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Are you kidding me? There's asbestos in THAT?!

by Brian Jones
Fri, Mar 5th 2021 09:00 am

The history of asbestos as a health hazard actually dates all the way back to ancient Roman times!  It was noted by a Roman scholar that those who were working in the asbestos mines developed lung ailments. 

Although the health risks of asbestos have long been documented, the United States has still not joined 67 other countries that have completely banned the use asbestos. Its use has become highly regulated since the 1970s with governmental organizations such as the Environmental Protection Act (EPA) and Occupational Safety and Health Administration (OSHA), but the asbestos industry launched a fierce campaign to keep it from being fully deregulated, citing economic consequences that would happen from job loss.

The many properties of the naturally occurring mineral make it valuable for using it in construction. Asbestos is non-flammable and has high tensile strength. It is a great insulator, resistant to electricity, and resistant to chemicals. It is estimated that asbestos can be found in over 5,000 manufactured products with many of the building materials still in the buildings and homes we live and work in today. 

Current federal and state regulations typically require an inspection of all building materials to be analyzed for asbestos prior to the demolition and renovations of any building.  With the history of asbestos, it is not always easy to know where asbestos may show up. 

There are the common uses of asbestos in construction such a pipe insulation, floor tile, and roofing but what are maybe some of the less common uses we find in our buildings?

  1. Mastic, coatings, and adhesives are used in many applications for construction.  One of the more common means of use is to adhere floor tile to a substrate.  While some uses are obvious it is important when conducting an asbestos inspection to locate all of them.  Wood flooring in areas like gymnasiums could have mastics on the substrate under the wood floor or the mastic could be used as a bedding for the sleepers.  Coatings inside exterior block/brick walls and under ceramic flooring for moisture barriers need to be inspected.  Mastics can be used in walls between two layers of gypsum board, holding countertops and used for ceramic wall tile.  Wood paneling on walls is not always nailed on and the mastic used to glue it to the wall could contain asbestos.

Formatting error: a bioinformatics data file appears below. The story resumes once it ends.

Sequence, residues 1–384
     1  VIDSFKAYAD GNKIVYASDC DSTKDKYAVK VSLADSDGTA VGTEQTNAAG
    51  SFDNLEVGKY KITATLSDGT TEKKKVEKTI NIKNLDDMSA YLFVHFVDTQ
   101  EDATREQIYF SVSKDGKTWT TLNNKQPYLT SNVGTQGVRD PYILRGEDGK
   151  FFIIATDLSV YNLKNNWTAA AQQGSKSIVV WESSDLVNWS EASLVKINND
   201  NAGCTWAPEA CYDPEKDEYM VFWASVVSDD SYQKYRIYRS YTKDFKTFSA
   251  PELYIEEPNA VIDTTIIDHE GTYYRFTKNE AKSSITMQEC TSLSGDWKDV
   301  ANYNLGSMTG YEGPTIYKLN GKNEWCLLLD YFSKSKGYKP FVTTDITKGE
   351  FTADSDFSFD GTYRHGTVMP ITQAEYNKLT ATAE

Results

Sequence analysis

2. Vermiculite is also a naturally occurring mineral used in building materials.  The problem is it forms under the same geological process as asbestos.  Which means all the vermiculite that was mined in Libby, Montana has a chance of containing some amount of asbestos since the asbestos veins run throughout the vermiculite and is not separated in the manufacturing process.  This has resulted in vermiculite in loose fill insulation and surfacing materials like fire proofing.  Due to the nature of the mineral any loose fill vermiculite insulation is considered asbestos containing while there is a special laboratory analysis needed to determine whether something like fire proofing with vermiculite is considered asbestos.
  3. Cement products can contain asbestos.  In 1929 a company Johns Manville created a line of asbestos containing cement products called transite that included boards and piping.  This term traniste is now applied to other cementitious products containing asbestos.  These products can be found in several uses in buildings.  Exterior uses can include siding, roofing, gutters, drainage pipes and planters.  Inside mechanical spaces asbestos cement products be found as panels to mount electrical equipment, exhaust flues, and refractory cement.  In places where chemicals are used, asbestos cement products can be found as counters, sinks, drying racks, in storage areas, and other areas to protect against heat and chemicals.

The United States is still making moves to get closer to banning asbestos.  On February 16, 2020 risk evaluations under the Toxic Substances Control Act is allowing for the EPA to examine the risks associated with asbestos and the current directive will ensure that the best scientific methods will be applied when conducting the research.  While it is stated that is no level of safe exposure to asbestos, ideally knowledge combined with proper precautions and continued research will lead to a safer environment.  

Please know that in partnering with Sienna Environmental Technologies, you will have access to experience, education, and knowledge when it comes to asbestos safety and awareness.